Why not? 30 painting in 30 days. Here's the beginning. Trials and experimentation! 6 of 8 here...another few to finish tonight!
hybiscus, amaranth, logwood and iron dye
marigold, coneflower, logwood and iron dye
madder, alkanet, rose and iron dye
growing rhubarb by candlelight
rhubarb root, rose, madder, cone flower and iron dye
catalpa flowers, catalpa leaves, madder and iron dye.
Amaranth, marigold, cochineal and iron dye.
bee balm, coneflower, madder and iron dye.
black eye'd susan, cone flowers, logwood and iron dye
aster, salvia and dahlia dye.
dahlia, hibiscus and aster dye
hydrangea, privet berry, aronia and iron dye
aronia, privet berries, marigold and coneflower dye
lupine flower and leaf dye with black walnut and iron
japanese lilac pods, madder and black walnut dye.
This March marks the anniversary of a year-long pursuit of creating art with natural colors made from plant materials in collaboration with local gardeners. It's been an honor to be a recipient of a 2015 Minnesota State Arts Board Artists Initiative Grant. As I look through my journal, notes and collections of photographs, I see how my knowledge of plants, color and natural dyes has grown! I've also learned a little more about myself and my practice as an artist.
The year flew by so quickly! I found that from September on, I was running around the Twin Cities gathering material from many generous growers! I boiled like mad and as time was of the essence- I filled my freezer with frozen dye to use during winter.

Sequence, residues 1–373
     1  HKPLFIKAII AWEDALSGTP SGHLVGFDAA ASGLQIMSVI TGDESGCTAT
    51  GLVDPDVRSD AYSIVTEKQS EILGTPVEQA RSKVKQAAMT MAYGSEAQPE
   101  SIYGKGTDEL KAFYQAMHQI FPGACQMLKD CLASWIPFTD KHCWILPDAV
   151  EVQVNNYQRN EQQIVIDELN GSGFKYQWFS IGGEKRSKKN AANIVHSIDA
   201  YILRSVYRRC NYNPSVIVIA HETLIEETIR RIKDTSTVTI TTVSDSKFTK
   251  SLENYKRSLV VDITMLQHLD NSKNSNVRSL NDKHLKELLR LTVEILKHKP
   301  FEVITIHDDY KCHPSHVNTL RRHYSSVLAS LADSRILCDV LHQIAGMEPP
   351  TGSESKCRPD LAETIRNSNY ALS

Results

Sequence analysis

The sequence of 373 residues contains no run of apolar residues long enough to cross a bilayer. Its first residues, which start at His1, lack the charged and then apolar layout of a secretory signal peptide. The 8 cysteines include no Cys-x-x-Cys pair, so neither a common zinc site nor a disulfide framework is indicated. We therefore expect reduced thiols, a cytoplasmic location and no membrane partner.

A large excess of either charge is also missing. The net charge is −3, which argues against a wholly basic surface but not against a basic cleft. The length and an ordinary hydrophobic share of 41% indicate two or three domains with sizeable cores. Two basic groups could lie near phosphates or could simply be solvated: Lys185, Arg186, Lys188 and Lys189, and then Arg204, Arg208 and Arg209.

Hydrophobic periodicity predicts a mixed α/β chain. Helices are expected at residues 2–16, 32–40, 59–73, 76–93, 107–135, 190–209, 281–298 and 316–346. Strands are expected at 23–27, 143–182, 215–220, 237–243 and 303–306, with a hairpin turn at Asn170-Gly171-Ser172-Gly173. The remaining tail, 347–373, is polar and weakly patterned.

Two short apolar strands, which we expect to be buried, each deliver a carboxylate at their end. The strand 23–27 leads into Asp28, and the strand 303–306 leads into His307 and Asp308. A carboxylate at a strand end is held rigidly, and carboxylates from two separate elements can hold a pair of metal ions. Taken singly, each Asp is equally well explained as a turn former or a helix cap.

Here's an ongoing recap of my year and the results of Ornaments of a Minnesota Growing Season!
It's officially the dark days of winter - but a great time to experiment more with mordants and the excessive amounts of amaranth I acquired early this fall. I was and am determined that this plant in all its abundance will produce a red. I try and try and try again.
The article in the Park Bugle has reached a fabulous group in St Paul, the St Anthony Park Gardener's Club and i have been invited to give a talk about natural dyes. Excited and a little anxious (here I get to meet the experts) I immediately set up a time to speak with Cynthia who is in charge of setting up guest speakers. I find out quickly that the talk will be scheduled for Fall 2016 (hurray!) but in the meantime I am connected with a group who loves to learn and create beautiful gardens in this historic neighborhood.
Cynthia invites me to her home that is located on the North end of St Paul next to the U of M campus and also sends me over to her friend and neighbor, Helen. This is a new neighborhood for me, that is a mix of mid-century homes many of which belong to professors at the U of M.
Cynthia's garden as at the end of the season, but I gather her salvia and Joe Pye Weed and Cynthia tells me about her yard, her home and what she likes about gardening. I am so excited to learn more from her next year. Helen's home is kitty corner across the street and this too, is at the end of it's season but I learn that Helen and her late husband Fred, were Art History faculty at my alma mater. And to make the world even a little smaller, Helen's area of expertise includes the history of dress, in early america's south- a time period when handmade dyes were used exclusively.
Helen told me that she was so happy that I was taking on this project....this day was incredibly rich and rewarding!